Go to the Globe and Mail homepage

Jump to main navigationJump to main content

Eduardo Villaverde, CEO of BMW Group Canada, says the auto maker’s Canadian unit is on track to be among the top 10 BMW markets in the world. (Kevin Van Paassen/The Globe and Mail)
Eduardo Villaverde, CEO of BMW Group Canada, says the auto maker’s Canadian unit is on track to be among the top 10 BMW markets in the world. (Kevin Van Paassen/The Globe and Mail)

The cut-rate battle for the high-end auto buyer Add to ...

A year-end slugfest among luxury auto makers is convincing consumers to surrender to the industry’s old sales pitch: Now is a great time to buy a new car.

A flood of low-interest loans, cash rebates and employee-pricing schemes is happening at all levels of the market, but it’s particularly notable among luxury sellers, which are pushing to meet year-end sales targets or grab the No. 1 sales ranking in the segment.

More Related to this Story

The growth in luxury auto sales is helping to propel overall vehicle sales close to record territory – even though the recovery from the recession is still sluggish and Canadian consumers are being warned almost daily about household debt levels mushrooming out of control.

Depending on how December ends up, vehicle sales could hit 1.7 million this year for only the second time in Canadian history, just shy of the 1.73 million record in 2002.

A combination of factors is heating up luxury sales. These include baby boomers moving through their highest-earning years, the rise in value of the Canadian dollar and aggressive moves by luxury auto makers into segments they once ignored, such as compacts and crossovers.

Adding to that – especially this month – is the drive to meet the sales targets and hang on to market share.

Luxury sales are poised to hit their highest share yet of the Canadian market. They sat at 9.4 per cent for the year to date as of the end of November, up from 8.4 per cent at the end of 2011. While the overall market has risen 7 per cent, sales by luxury makers have jumped 11 per cent.

Incentives include 0.9-per-cent financing on some BMW Canada Inc. and Mercedes-Benz Canada Inc. models and, from almost all luxury companies, low interest rates on lease payments, which is where the battle is truly fought in the segment. Interest rates on leases have been discounted to as low as zero in some cases and 2.9 per cent for many manufacturers. For sales, cash discounts of thousands of dollars are prevalent in the industry.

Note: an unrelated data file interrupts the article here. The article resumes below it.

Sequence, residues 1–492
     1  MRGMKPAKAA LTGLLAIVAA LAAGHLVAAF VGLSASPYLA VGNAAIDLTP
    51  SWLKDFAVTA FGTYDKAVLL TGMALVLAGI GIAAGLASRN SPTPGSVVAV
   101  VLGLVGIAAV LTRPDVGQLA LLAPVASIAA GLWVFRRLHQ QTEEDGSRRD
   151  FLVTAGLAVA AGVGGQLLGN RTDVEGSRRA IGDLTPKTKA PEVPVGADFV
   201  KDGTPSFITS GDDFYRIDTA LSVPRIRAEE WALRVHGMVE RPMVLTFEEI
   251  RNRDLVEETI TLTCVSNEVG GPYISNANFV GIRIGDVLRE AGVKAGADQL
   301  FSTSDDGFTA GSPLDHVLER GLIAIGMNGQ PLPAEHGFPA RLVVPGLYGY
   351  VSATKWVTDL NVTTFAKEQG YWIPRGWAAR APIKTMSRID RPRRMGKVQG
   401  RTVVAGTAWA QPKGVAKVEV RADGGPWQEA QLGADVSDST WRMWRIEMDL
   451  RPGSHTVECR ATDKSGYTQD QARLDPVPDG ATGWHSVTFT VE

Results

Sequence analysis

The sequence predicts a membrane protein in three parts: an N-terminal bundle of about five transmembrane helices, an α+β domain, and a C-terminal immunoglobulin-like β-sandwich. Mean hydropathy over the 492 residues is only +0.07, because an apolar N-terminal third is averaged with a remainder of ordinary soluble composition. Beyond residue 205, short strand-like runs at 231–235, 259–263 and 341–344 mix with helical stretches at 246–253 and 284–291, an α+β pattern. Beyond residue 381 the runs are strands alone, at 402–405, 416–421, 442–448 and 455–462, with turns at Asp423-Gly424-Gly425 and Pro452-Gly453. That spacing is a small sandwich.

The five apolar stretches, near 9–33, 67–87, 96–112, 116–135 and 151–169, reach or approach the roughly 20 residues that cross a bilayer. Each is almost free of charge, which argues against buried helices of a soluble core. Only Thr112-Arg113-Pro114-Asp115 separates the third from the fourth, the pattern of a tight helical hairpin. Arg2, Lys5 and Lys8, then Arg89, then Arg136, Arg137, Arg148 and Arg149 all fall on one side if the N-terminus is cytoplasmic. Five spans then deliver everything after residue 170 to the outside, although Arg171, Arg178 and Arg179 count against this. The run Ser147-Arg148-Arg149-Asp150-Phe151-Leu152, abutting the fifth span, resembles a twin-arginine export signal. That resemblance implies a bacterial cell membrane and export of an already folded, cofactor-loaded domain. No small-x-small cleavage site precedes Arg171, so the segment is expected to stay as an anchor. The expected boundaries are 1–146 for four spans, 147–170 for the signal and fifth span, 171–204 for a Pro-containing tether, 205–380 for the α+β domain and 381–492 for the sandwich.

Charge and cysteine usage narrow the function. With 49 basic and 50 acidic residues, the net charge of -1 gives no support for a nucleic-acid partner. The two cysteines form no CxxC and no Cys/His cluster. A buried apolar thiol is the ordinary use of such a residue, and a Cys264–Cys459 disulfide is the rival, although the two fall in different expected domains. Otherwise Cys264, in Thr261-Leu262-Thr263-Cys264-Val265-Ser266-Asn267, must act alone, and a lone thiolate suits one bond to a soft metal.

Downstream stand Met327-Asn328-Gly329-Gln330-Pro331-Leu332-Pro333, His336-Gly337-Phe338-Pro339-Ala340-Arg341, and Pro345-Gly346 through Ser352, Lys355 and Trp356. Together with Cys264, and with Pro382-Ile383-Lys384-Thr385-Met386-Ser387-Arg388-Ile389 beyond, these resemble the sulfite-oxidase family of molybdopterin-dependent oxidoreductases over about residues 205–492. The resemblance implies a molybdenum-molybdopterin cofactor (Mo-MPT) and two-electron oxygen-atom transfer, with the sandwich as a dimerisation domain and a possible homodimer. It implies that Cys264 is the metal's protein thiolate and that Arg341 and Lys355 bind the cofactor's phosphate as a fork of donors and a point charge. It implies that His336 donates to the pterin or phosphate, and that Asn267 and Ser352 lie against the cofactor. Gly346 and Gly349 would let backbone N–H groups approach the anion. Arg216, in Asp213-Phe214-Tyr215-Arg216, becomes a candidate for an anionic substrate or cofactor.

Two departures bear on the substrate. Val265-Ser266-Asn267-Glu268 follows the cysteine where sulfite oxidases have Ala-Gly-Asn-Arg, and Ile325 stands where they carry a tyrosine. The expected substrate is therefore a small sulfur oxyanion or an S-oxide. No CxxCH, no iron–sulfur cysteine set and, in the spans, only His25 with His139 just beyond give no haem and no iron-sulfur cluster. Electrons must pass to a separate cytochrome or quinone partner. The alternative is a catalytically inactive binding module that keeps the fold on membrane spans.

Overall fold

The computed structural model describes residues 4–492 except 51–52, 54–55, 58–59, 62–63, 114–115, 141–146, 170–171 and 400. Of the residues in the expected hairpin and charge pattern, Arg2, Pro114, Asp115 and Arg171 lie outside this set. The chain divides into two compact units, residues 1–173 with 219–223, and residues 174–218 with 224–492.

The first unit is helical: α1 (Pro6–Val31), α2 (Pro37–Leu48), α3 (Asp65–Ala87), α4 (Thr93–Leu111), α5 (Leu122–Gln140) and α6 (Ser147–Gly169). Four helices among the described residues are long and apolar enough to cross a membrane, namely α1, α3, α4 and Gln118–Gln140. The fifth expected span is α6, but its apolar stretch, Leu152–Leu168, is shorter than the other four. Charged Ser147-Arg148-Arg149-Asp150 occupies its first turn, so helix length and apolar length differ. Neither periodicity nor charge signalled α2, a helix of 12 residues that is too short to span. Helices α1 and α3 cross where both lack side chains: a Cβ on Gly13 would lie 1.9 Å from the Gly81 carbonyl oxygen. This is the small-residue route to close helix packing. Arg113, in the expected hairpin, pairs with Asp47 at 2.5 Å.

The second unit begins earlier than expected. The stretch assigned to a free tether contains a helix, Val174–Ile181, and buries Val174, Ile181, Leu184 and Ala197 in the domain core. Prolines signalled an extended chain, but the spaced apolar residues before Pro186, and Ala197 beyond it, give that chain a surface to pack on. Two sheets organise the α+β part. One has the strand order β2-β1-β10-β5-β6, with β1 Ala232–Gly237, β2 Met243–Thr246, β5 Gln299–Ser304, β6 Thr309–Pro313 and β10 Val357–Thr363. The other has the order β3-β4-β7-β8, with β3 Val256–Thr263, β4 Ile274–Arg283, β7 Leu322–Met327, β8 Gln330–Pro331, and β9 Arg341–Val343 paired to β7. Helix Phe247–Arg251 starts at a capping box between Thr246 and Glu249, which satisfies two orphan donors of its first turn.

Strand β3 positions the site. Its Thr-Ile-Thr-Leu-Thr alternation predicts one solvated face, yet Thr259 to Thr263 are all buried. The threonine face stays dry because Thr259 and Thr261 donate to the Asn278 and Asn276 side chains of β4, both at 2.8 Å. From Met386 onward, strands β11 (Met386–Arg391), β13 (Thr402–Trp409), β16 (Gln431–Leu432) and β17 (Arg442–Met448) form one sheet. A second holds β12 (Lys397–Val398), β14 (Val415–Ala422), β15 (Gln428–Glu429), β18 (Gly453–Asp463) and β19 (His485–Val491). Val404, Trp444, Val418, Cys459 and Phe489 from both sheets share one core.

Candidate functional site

“Certainly, the level of incentives in the market is very, very high and a lot of folks are vying for that No. 1 position – whatever that’s worth,” said Lindsay Duffield, president of Jaguar Land Rover Canada ULC, which is offering low lease and financing rates on some models, although not as cut-rate as some of its competitors.

BMW and Mercedes, bitter rivals around the world, are in a battle for top spot in the Canadian luxury market, although each company insists publicly its incentives are not designed to help win the No. 1 position.

More important, said BMW Canada president Eduardo Villaverde, is that sales here will hit a record in 2012 and place the Canadian unit among the top 10 BMW markets around the world.

Mercedes-Benz spokeswoman JoAnne Caza said the company’s December incentives are aimed at meeting internal sales targets.

Some of the growth in new luxury vehicle sales arises from the import of hundreds of thousands of used luxury vehicles from the United States in the 2000s, when the rise in value of the Canadian dollar to parity made such purchases less expensive.

Many Canadians got a taste of luxury and now that those vehicles are aging, their owners are looking for new luxury wheels, said industry analyst Dennis DesRosiers, president of DesRosiers Automotive Consultants Inc. of Richmond Hill, Ont.

“If you have a 10-year-old BMW and you get tired of it, are you going to go [back] to the mass market? No,” Mr. DesRosiers said.

The growth has also been fuelled by luxury manufacturers moving into virtually every segment of the marketplace, poaching on territory once occupied by mass market companies.

“What used to be kind of a pyramid is now an hourglass, where you have the luxury [brands] from the top moving down into the lower segments,” Mr. Duffield said.

Jaguar Land Rover isn’t interested in competing for top spot, he said, but plans to double sales to 10,000 a year by the end of the decade.

BMW and Mercedes-Benz are both heading for record years. So is a third Germany-based luxury company, Audi AG, which is expected to top 20,000 in sales this year for the first time and is getting closer to joining the other two companies in the top tier of luxury auto makers in Canada.

“At Audi, our rate of increase over the past three years has been the highest of the three,” said Carl Munro, vice-president of operations of Speedway Motors Ltd., in Victoria, which owns Audi, Porsche and Volkswagen dealerships.

“They’re still higher, but we’re closing the gap on them. Every year we close the gap a little bit more.”

 

Follow on Twitter: @gregkeenanglobe

In the know

Most popular videos »

Highlights

More from The Globe and Mail

Most popular